And we shortchanged those priorities most vital to our security, including the training, missile defense, weapons modernization, and counterterrorism.
My friends, our nation has a unique place in the world. We are the greatest force for good on earth. We chart history's course. Yes, we must be involved in the destiny of other nations, but that does not mean we have relinquished our sovereignty. It means we have persuaded much of the world to share our ideals, and that's not a cause for concern; it's a cause for hope.
We Americans are a strong and confident people. We know that in open competition our ideals, our ingenuity, and our courage ensure our success. Isolationism and protectionism are a fool's errand. We should build no walls in a futile attempt to keep the world at bay. Walls are for cowards, not for us.
We are the world's only superpower. We must accept the responsibilities along with the blessings that come with that distinction. And if America is to lead, then America's leader must be prepared for that challenge.
The most solemn responsibility given the president is the role of commander in chief. When it -- (applause) -- when it comes time to make the decision to send our young men and women into harm's way, that decision should be made by a leader who knows that such decisions have profound consequences. There comes a time when our nation's leader can no longer rely on briefing books and talking points, when the experts and the advisers have all weighed in, when the sum total of one's life becomes the foundation from which he or she makes the decisions that determine the future of our democracy.
When a president makes life-and-death decisions, he should draw strength and wisdom from the broad and deep experience with the reasons for and the risks of committing our children to our defense, for no matter how many others are involved in the decision, the president is a lonely man in a dark room when the casualty reports come in.
I'm not afraid of that burden; I know both the blessing and the price of freedom. I'm not afraid; I have faith in my country and the good men and women of every American generation who know the honor of defending our cause. I'm not afraid; I learned long ago how powerful America is when she has the courage of her convictions. I'm not afraid; my life has taught me that the strength and courage of others will always help sustain me in an hour of need. I'm not afraid because I know that as we prepare to take on the challenges of the next century, enough Americans will serve together a glorious cause greater than our narrow self-interests. (Cheers, applause.)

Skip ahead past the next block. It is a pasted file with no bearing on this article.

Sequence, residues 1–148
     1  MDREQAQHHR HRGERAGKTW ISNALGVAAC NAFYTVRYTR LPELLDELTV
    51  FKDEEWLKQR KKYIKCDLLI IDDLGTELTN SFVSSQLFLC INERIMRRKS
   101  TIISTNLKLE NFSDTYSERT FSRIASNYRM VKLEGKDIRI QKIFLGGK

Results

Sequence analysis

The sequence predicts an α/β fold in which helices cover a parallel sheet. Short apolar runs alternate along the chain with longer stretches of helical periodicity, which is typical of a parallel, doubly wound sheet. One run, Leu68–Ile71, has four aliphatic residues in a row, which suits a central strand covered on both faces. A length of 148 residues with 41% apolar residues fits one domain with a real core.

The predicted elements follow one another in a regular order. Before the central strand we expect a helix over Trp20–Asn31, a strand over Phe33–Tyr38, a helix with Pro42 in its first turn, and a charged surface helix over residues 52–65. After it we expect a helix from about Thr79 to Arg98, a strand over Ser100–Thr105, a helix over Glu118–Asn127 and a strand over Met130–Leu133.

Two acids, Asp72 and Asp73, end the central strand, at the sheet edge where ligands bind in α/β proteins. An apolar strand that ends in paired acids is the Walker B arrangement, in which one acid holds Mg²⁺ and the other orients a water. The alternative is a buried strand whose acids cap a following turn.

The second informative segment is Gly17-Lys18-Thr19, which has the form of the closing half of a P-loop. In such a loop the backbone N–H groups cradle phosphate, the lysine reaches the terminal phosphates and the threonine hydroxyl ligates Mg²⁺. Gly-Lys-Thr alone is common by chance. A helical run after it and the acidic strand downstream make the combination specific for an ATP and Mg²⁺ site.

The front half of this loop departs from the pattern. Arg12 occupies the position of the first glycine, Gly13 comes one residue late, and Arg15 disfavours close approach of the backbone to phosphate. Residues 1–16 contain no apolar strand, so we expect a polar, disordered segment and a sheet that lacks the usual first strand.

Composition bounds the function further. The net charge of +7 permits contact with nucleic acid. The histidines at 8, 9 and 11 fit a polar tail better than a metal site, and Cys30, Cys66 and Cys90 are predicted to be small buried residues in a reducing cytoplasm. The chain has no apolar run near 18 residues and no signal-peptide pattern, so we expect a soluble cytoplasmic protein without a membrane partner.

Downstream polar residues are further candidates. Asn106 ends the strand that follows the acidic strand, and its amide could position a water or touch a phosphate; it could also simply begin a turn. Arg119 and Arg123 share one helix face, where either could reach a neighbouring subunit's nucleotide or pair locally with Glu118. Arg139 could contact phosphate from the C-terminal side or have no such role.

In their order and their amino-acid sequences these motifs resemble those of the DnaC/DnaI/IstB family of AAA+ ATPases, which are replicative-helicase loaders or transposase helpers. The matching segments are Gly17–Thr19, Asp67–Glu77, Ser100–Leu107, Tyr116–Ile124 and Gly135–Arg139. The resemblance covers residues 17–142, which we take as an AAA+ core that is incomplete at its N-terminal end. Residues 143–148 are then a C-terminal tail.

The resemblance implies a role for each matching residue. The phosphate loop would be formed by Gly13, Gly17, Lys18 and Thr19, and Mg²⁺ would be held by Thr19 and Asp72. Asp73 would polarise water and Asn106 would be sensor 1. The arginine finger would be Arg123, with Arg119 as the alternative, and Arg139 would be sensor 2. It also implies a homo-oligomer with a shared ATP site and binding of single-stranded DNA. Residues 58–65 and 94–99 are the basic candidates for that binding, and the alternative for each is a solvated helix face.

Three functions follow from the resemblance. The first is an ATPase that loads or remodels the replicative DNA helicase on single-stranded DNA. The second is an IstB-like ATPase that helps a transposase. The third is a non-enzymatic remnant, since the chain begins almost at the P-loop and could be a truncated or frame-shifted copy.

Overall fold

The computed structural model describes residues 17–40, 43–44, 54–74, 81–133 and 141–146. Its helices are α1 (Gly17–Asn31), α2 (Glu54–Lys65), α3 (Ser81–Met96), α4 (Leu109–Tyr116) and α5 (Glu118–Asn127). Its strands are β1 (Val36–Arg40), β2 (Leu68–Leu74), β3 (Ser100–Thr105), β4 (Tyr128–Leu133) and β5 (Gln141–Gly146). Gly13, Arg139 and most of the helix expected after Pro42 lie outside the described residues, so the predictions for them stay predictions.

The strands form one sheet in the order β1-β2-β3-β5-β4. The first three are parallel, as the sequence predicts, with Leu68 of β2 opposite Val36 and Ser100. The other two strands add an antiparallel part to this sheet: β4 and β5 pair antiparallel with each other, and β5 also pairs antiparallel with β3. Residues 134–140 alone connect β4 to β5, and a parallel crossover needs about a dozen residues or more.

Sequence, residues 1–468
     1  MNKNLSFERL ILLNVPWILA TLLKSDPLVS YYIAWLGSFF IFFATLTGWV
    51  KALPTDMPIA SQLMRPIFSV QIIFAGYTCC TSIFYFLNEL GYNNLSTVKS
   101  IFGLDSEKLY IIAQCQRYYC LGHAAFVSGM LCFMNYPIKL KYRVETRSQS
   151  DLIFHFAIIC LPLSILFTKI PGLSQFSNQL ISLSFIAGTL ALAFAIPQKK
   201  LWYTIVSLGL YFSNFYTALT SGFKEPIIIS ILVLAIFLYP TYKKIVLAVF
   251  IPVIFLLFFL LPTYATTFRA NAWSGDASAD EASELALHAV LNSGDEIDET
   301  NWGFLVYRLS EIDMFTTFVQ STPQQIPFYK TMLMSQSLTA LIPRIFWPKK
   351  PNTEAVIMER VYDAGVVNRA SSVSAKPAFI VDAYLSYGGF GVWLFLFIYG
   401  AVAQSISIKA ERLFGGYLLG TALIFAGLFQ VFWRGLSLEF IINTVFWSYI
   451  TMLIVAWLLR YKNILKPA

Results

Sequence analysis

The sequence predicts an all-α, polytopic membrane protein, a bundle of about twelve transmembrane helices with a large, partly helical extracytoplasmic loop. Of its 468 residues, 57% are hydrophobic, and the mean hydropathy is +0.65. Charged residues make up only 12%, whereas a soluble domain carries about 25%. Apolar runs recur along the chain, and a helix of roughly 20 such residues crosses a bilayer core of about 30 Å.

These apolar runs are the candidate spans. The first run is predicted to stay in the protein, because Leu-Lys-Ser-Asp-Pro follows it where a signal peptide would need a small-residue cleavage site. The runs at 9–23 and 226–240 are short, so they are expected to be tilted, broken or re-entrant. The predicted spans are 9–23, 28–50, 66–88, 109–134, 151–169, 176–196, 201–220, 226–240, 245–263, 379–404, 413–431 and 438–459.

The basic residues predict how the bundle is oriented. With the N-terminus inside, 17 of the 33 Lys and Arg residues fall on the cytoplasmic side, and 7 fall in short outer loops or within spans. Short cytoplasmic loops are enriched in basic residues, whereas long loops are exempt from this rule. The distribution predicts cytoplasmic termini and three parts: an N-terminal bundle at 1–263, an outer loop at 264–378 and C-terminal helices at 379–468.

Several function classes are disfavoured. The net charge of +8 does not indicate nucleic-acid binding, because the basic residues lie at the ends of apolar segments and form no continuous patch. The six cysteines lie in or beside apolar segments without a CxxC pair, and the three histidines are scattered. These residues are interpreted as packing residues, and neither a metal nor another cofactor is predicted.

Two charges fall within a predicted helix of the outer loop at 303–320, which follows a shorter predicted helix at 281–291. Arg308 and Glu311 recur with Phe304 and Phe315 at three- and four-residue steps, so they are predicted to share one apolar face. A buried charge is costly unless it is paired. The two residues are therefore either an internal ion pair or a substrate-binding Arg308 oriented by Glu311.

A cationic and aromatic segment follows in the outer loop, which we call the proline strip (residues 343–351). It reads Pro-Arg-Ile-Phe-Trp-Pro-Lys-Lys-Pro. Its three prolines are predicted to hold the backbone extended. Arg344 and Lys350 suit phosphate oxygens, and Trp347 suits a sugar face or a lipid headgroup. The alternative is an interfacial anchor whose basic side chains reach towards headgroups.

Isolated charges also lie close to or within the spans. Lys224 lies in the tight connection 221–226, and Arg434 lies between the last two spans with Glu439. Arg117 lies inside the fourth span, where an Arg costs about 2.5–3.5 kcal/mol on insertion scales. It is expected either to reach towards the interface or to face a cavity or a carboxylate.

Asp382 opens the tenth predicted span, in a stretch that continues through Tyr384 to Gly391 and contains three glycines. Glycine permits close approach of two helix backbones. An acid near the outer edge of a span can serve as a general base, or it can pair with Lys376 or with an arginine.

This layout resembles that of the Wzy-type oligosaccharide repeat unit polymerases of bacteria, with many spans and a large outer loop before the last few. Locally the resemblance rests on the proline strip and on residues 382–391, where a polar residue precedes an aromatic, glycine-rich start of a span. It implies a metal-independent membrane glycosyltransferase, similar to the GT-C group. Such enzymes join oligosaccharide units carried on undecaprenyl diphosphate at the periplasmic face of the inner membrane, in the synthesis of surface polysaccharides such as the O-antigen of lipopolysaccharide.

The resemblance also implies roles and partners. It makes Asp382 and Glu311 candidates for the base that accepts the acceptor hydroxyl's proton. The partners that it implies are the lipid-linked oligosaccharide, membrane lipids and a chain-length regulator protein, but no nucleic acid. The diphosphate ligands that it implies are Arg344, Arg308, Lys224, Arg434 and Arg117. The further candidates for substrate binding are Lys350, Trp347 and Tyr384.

There have always been those who question the moral imperatives of American government and diplomacy. They are profoundly wrong. We embrace the virtues of inclusion in our party and in politics, but we hold firm to our core national values. We are all part of a great experiment, that people who are free to act in their own interests will perceive their interests in an enlightened way and will gratefully accept the obligation of freedom to make of our wealth and power a civilization for the ages, a civilization in which all people share in the promise of freedom.
I have passed from a young man to an old man in the service of my country. When my time is over, I want only the satisfaction of knowing I was true to the faith of our fathers; true to the faith of a young Czech student who, 10 years ago, stood before a million of his countrymen while 100,000 Soviet troops occupied his country, and read a Manifesto that declared a new day for the people of Czechoslovakia. But he began the new day with borrowed words, when trembling with emotion he proclaimed, "We hold these truths to be self-evident that all men are created equal, that they are endowed by their Creator with certain unalienable rights, that among these are life, liberty and the pursuit of happiness."
I want to be president to protect, until my life's end, our magnificent dream of freedom, God's great blessing to the world.
And with your help, I will.
Thank you. (Applause, cheers.)